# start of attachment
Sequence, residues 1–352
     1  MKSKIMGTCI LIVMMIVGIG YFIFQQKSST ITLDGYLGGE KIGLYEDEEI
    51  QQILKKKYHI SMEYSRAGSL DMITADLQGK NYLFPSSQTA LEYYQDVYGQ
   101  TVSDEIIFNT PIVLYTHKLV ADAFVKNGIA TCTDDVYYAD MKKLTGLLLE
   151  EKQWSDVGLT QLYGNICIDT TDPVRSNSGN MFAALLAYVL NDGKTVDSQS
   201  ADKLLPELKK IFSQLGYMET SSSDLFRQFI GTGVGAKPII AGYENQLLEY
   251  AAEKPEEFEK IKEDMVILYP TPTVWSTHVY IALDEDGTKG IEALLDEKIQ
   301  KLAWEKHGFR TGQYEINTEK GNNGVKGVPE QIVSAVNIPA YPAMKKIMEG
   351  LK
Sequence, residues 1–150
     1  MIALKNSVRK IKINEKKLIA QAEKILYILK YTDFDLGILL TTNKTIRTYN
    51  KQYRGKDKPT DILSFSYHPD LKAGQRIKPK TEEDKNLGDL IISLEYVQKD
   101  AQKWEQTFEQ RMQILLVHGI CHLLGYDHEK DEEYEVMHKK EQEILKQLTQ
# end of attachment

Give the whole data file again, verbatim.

Sequence, residues 1–352
     1  MKSKIMGTCI LIVMMIVGIG YFIFQQKSST ITLDGYLGGE KIGLYEDEEI
    51  QQILKKKYHI SMEYSRAGSL DMITADLQGK NYLFPSSQTA LEYYQDVYGQ
   101  TVSDEIIFNT PIVLYTHKLV ADAFVKNGIA TCTDDVYYAD MKKLTGLLLE
   151  EKQWSDVGLT QLYGNICIDT TDPVRSNSGN MFAALLAYVL NDGKTVDSQS
   201  ADKLLPELKK IFSQLGYMET SSSDLFRQFI GTGVGAKPII AGYENQLLEY
   251  AAEKPEEFEK IKEDMVILYP TPTVWSTHVY IALDEDGTKG IEALLDEKIQ
   301  KLAWEKHGFR TGQYEINTEK GNNGVKGVPE QIVSAVNIPA YPAMKKIMEG
   351  LK
Sequence, residues 1–150
     1  MIALKNSVRK IKINEKKLIA QAEKILYILK YTDFDLGILL TTNKTIRTYN
    51  KQYRGKDKPT DILSFSYHPD LKAGQRIKPK TEEDKNLGDL IISLEYVQKD
   101  AQKWEQTFEQ RMQILLVHGI CHLLGYDHEK DEEYEVMHKK EQEILKQLTQ